Hunt did a few important things after 2012. First, and most obviously, he fired Pioli. He also rewrote the franchise power structure, so that the head coach and general manager each reported directly to him, a safeguard against the conflict that brewed with Pioli.
And perhaps most importantly, he hired the best men available in Reid as coach and Dorsey as general manager, comforted by the fact that the two had a long-standing relationship built on trust and respect.
Hunt lacked the street smarts to see that Pioli and Haley could never succeed together, but he responded with the self-awareness, humility and conviction to change so much of how the organization had been run for decades — how his father had run it for decades.
Hunt’s first 10 years as chairman have brought more drama than necessary, starting with Thum’s awkward departure and rising with Pioli’s disastrous reign. But his first decade also finishes with the organization stronger than at any point since the 1990s, both on the field and off. He shares in the blame for the troubles, but also in the credit for the repairs.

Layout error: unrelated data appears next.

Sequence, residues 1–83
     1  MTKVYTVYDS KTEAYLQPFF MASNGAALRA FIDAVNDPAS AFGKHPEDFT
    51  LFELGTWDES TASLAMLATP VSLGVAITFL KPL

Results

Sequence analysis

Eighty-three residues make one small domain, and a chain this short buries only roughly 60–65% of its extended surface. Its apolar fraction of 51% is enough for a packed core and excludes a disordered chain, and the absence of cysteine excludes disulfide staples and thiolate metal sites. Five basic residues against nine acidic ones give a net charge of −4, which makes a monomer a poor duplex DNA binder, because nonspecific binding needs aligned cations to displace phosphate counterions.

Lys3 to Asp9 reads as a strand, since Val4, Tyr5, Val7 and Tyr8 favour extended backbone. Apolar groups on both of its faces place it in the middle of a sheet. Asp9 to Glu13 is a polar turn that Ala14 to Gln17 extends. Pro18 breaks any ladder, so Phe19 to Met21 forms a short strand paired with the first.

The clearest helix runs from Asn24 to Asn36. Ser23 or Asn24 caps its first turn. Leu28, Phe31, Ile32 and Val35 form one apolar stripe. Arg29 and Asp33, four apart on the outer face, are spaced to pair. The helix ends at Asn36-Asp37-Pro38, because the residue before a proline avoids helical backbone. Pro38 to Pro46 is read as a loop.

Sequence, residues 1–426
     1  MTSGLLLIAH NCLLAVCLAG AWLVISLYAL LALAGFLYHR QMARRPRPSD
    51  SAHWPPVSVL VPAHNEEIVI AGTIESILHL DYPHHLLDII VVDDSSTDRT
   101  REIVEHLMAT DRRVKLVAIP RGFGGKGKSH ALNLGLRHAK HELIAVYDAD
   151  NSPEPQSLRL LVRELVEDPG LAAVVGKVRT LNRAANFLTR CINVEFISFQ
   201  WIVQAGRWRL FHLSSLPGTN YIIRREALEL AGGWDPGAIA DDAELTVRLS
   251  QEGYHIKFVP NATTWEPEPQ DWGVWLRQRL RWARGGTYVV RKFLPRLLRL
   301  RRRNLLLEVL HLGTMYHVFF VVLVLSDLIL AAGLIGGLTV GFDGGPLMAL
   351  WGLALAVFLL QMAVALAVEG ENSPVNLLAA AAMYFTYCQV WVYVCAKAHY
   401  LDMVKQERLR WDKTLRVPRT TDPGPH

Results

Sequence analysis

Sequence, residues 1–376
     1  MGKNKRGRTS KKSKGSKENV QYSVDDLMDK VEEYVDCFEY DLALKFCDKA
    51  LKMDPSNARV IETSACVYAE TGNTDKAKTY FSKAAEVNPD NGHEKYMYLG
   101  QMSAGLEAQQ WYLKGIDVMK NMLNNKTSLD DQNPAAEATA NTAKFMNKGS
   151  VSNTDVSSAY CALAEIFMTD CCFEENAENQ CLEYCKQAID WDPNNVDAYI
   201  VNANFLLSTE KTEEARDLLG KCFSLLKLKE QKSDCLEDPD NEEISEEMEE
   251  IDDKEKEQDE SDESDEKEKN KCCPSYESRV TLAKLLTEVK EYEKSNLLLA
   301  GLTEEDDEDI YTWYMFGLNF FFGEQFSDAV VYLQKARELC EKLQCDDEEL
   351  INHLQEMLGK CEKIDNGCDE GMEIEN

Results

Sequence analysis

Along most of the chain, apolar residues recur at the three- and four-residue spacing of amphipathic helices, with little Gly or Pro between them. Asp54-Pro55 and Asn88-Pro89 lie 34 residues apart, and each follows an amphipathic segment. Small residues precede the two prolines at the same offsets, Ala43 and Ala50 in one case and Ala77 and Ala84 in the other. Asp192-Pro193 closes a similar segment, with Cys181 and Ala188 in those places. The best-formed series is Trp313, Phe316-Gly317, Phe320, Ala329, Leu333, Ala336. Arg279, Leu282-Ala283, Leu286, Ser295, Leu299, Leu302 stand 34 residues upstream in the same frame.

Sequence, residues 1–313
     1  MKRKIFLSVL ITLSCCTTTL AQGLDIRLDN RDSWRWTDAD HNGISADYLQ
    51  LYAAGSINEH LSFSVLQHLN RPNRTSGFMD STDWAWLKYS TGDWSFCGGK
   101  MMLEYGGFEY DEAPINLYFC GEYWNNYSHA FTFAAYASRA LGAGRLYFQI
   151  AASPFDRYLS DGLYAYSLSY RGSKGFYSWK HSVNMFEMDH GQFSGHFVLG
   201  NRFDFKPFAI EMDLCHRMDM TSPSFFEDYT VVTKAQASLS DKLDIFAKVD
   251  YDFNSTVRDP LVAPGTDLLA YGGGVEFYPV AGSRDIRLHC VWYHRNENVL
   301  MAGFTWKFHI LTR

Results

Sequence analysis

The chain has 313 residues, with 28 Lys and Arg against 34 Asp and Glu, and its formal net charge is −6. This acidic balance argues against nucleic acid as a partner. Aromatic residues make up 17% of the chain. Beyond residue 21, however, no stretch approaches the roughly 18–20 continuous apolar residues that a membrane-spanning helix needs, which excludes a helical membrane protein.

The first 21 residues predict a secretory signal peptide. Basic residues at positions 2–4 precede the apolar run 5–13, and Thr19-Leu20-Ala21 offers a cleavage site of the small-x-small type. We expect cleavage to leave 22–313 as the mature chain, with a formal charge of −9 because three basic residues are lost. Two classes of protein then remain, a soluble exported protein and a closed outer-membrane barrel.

We talked for this column before the Raiders game. I asked if he regretted any of his mistakes.
“So, I’ve thought that issue in anticipation that you might ask,” Hunt said. “I would say there are obviously decisions you would do over with the benefit of hindsight, and there are decisions that are good decisions.
“But I’m glad it’s turned out like it has, because I don’t think we’d be where we are today without some of the struggles we’ve had. It’s like everything in life. It’s a journey, and we wouldn’t be where we are today without some things not going our way over that 10-year period.
“I really thought about that: ‘Would I take that back?’ And the answer is no, even though there may have been a lot of difficulty at the time.”